Saturday, June 05, 2004

Saddam and al-Qaeda

Earlier this week I finished reading Steven Hayes' excellent new book The Connection: How al Qaeda's Collaboration with Saddam Hussein Has Endangered America. Hayes presents a compelling case for a substantive link between Saddam Hussein's Iraq and al-Qaeda, based on credible intelligence reports, testimony from captured Iraqi and al-Qaeda operatives, open source materials, and most importantly, Iraqi intelligence documents that have come to light since the fall of Saddam's regime. I'll have some thoughts on particular aspects of Hayes' argument later this weekend. For now, let me just say that the book is a must read for anyone interested in the history of al-Qaeda, the nature and aspirations of Saddam's Iraq, and the struggle against radical Islamist terror. An article by Hayes summarizing his book is in the June 7th Weekly Standard. See also his article "Case Closed", from the November 24, 2003 issue of the Standard.

It's important to note what Hayes is not saying. He does not claim that Osama took his marching orders from Saddam, that Saddam was behind 9/11, or that the two didn't have serious differences over whose form of totalitarianism would dominate the Middle East once the infidel Americans and Jews had been expelled. Hayes is very careful to let the evidence he presents speak for itself. He openly acknowledges uncertainties and alternative explanations for some of the items he refers to.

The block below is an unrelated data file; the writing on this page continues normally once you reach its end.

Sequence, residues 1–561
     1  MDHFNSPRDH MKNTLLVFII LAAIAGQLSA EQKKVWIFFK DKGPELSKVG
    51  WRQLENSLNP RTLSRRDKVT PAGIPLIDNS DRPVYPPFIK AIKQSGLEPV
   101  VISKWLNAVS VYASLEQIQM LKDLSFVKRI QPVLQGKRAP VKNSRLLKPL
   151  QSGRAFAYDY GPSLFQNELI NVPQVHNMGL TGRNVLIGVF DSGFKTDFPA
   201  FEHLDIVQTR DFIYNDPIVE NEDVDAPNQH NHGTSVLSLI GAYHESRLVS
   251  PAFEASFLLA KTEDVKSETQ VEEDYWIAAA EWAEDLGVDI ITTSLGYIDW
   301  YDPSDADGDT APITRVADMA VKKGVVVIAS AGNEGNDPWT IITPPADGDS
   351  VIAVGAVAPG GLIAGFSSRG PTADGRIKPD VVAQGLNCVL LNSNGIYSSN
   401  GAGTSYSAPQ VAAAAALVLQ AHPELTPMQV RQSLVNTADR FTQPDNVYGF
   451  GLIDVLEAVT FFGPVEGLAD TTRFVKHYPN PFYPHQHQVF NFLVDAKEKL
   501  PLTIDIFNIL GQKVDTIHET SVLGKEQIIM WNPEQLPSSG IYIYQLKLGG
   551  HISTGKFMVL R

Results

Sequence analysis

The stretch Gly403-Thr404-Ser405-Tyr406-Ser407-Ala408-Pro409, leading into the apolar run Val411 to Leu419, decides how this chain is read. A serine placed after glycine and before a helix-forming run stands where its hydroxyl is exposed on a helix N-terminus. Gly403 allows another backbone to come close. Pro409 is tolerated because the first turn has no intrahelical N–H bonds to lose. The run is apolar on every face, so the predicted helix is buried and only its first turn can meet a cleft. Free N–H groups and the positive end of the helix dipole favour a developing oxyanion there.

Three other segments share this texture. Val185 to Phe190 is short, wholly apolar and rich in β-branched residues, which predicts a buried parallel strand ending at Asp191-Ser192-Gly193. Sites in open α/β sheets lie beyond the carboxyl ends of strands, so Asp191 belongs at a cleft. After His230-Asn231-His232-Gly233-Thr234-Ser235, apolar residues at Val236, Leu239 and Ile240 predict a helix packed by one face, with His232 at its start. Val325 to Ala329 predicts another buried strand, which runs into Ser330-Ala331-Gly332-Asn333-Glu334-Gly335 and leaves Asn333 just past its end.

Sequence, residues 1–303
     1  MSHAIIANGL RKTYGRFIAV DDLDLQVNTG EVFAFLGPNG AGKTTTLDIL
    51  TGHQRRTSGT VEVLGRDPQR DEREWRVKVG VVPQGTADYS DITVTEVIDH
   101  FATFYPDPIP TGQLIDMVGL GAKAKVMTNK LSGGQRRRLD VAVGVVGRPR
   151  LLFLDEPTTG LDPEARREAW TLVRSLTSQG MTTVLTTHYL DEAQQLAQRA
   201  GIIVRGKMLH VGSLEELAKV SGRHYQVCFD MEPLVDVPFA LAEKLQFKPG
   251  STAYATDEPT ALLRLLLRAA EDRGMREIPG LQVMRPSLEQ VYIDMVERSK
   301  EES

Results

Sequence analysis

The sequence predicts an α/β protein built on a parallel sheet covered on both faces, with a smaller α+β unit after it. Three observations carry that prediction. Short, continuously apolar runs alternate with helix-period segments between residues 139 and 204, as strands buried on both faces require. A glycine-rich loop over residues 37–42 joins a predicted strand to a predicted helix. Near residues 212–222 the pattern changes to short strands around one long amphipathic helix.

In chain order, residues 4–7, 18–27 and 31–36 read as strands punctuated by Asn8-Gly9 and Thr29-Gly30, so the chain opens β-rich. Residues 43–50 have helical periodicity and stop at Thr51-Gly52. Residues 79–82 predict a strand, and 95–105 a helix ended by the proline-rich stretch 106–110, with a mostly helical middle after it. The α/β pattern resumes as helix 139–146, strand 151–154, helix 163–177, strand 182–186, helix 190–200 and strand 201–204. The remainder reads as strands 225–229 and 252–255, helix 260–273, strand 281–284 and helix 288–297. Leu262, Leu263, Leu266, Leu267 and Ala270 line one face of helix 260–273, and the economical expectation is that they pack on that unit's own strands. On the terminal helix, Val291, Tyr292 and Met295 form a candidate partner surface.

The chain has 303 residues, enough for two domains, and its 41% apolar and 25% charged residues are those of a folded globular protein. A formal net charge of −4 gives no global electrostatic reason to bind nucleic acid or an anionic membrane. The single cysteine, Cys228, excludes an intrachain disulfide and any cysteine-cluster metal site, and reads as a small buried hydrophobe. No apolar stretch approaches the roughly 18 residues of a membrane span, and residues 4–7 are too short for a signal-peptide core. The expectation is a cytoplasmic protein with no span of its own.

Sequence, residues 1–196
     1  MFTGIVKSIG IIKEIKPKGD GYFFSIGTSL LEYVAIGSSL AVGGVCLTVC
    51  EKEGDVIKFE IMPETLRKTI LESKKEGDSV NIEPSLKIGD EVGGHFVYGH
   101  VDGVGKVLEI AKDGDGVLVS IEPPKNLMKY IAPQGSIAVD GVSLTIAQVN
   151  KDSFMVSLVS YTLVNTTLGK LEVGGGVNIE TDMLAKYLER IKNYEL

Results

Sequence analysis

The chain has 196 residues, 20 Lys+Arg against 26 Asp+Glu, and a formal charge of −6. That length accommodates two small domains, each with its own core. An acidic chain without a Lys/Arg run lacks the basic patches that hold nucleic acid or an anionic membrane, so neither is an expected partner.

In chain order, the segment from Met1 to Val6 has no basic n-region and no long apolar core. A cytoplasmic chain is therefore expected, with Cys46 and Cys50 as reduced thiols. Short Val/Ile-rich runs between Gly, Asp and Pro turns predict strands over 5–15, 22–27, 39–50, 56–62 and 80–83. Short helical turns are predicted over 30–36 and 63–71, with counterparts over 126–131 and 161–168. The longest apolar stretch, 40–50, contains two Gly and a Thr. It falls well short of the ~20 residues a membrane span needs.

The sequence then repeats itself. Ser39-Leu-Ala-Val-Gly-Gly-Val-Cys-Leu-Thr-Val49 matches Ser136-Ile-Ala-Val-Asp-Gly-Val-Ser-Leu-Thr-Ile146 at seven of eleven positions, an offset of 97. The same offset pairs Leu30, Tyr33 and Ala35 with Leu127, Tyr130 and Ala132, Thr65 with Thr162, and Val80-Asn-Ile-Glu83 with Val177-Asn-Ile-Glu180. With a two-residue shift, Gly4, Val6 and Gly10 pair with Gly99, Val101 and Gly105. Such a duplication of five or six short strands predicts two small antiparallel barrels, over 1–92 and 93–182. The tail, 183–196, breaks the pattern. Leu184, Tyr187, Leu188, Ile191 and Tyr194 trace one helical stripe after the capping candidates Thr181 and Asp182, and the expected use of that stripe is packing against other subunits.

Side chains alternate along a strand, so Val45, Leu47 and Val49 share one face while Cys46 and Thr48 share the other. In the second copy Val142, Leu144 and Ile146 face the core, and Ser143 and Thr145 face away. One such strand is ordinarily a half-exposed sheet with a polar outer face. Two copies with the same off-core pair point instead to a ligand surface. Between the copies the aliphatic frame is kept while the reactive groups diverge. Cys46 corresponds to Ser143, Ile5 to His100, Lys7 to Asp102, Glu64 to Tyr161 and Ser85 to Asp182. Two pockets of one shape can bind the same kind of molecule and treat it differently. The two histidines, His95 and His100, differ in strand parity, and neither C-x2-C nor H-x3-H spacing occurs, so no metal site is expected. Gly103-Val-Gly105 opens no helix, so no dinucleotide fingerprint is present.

There are a couple weaknesses with the book. I would have liked to have seen Hayes provide more of an overall analytical framework for the Iraq-al Qaeda connection. For example, how did al-Qaeda's ties with Iraq compare to its ties with Iran? What was the overall course of the relationship? While Hayes clearly shows, in my view, that such a relationship did exist, he doesn't do enough to put the connection into an overall context. As a result, the book tends to read like a series of individual articles as opposed to a single narrative.

My other main peeve is that the book does not include footnotes, a bibliography, or even an index. Hayes is very good about citing his sources within the text, however using a more formal method for his open source citations would have increased the research value of his book. (What do you want? I am a librarian.)

Overall, though, these are minor flaws with a book I consider to be a must read.


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